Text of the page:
So, as my stealing a phrase from Star Trek would suggest, the answer for those of us who are geographically-challenged by the weather is to look for enough space [indoors] to practise safely and in some comfort. However, you may already know that isn't easy if you live in a small apartment or the wife objects to you swinging a sword in the living room while she is trying to watch tv. Of course, some apartment buildings have recreational rooms or gymnasiums that can be of some use for regular practise but your fellow tenants may object, overtly or otherwise, to your taking up space with your slow-motion/strange movements, especially if you are using a staff, broadsword or sword.
While it is always preferable [especially in one's early years of training] to practise a competent long form, sadly they are often prohibitive of the amount of floor space necessary indoors. You can sometimes train these in a confined area by stopping, moving back or to the side a few paces and continuing from where you had stopped; but this can be confusing and also interrupts the 'flow" of movement that is such an intrinsic part of the taiji experience. More experienced practitioners can also use what are called "Changing steps" which allows one to move forward in principle but while doing so on the spot. One famous Yang style master was famous partly because of his party trick in which he would do an entire long form on a table top simply by constantly adjusting his stride in this way.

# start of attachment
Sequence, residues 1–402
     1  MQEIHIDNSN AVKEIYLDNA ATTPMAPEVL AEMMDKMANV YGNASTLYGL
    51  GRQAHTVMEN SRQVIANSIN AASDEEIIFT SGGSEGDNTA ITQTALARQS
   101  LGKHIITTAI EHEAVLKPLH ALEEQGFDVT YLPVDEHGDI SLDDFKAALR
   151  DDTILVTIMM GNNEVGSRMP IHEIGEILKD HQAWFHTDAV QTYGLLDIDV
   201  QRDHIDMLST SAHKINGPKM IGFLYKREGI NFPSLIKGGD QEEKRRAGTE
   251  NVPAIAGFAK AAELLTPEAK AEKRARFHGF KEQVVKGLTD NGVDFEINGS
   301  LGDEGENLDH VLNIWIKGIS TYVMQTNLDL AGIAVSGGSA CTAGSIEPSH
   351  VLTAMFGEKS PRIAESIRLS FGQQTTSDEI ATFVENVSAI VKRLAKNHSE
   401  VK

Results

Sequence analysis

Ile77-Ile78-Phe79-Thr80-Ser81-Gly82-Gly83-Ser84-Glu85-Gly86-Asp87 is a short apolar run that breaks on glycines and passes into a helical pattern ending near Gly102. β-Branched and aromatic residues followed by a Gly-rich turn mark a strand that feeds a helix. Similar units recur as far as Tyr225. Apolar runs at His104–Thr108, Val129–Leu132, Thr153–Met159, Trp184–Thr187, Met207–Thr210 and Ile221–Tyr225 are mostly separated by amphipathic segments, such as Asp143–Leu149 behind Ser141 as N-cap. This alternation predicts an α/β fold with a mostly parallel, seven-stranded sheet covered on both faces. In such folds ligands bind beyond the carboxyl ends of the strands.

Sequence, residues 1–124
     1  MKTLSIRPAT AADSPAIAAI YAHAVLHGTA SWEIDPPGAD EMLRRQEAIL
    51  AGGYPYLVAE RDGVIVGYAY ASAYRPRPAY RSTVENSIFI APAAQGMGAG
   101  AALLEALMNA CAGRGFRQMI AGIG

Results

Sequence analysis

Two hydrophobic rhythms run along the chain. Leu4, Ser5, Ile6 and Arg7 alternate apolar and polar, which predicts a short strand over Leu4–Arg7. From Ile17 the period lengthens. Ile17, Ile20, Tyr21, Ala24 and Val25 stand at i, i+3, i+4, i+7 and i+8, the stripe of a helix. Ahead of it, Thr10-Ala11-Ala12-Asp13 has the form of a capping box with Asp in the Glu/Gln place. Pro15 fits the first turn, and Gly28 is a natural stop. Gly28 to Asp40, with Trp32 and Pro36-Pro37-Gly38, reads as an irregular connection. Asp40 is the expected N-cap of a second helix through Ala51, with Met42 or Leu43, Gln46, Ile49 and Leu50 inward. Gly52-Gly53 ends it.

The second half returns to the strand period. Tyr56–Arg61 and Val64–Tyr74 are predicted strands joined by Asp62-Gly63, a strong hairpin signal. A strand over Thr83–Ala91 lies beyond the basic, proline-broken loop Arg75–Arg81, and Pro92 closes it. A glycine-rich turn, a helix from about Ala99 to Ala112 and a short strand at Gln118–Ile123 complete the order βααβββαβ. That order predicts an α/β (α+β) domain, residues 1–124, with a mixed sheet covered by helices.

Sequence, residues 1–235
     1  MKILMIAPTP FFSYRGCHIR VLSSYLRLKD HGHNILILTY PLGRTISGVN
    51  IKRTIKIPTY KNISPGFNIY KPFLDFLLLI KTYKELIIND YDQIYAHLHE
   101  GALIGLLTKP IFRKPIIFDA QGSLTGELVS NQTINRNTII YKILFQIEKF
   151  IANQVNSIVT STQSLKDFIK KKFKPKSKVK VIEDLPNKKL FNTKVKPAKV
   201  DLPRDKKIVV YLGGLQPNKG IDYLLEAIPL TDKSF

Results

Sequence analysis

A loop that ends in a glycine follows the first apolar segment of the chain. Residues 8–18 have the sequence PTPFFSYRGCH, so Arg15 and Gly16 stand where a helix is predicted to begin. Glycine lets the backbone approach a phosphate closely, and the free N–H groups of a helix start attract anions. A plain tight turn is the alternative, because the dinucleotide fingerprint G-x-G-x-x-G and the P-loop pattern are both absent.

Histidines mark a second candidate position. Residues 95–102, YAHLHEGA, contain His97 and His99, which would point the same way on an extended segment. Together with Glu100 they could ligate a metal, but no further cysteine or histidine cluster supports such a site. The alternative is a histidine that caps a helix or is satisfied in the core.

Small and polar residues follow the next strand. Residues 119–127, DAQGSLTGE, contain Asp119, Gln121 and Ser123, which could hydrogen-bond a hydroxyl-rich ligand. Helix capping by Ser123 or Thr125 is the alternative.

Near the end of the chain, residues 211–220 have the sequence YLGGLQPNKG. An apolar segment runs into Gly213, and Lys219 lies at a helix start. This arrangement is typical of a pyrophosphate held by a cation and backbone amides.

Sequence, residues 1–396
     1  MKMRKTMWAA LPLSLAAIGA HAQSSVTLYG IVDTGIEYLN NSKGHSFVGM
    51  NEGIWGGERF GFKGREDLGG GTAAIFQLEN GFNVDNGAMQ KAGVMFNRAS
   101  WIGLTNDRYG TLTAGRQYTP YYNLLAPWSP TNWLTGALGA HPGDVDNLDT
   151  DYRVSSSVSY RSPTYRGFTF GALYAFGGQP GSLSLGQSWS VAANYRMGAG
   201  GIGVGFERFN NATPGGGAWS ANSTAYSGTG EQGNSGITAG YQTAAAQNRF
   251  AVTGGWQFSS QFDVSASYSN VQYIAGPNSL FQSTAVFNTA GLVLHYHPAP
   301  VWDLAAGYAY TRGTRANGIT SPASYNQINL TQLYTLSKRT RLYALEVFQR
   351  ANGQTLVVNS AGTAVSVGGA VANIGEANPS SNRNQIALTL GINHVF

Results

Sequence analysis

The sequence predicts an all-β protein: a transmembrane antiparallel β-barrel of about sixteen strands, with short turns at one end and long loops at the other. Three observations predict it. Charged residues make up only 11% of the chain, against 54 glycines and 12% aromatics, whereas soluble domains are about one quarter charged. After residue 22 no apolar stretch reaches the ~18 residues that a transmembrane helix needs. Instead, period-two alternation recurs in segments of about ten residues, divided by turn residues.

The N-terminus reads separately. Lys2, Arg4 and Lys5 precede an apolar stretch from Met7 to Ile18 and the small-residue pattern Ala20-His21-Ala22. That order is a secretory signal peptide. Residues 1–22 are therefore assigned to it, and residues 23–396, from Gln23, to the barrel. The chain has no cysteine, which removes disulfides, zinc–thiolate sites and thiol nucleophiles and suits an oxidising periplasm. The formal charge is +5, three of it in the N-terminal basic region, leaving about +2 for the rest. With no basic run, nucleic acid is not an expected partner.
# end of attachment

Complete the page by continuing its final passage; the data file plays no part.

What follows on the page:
In some ways, the most practical solution is to learn a competent short form if you have to practise indoors most of the time and have some free space to use [coffee tables and chairs can be moved and stacked along a wall temporarily if you train yourself to ignore the irritated glare from your spouse or the cat that wanted to have a nap on her favourite chair].
However, you re-arrange your environment to make room for regular indoor practise; remember the words of a Yang style expert, Sam Masich, who said to a group of workshop attendees in 1990. His words that "You can correct anything in your practise eventually except for a lack of regular practise." was as valuable advice then as it is now. By the way, he's still teaching today and has achieved some deserved fame in the taiji world. I'd recommend his classes or workshops; and, no, I don't get rewarded for this endorsement.
Copyright Michael A. Babin©2018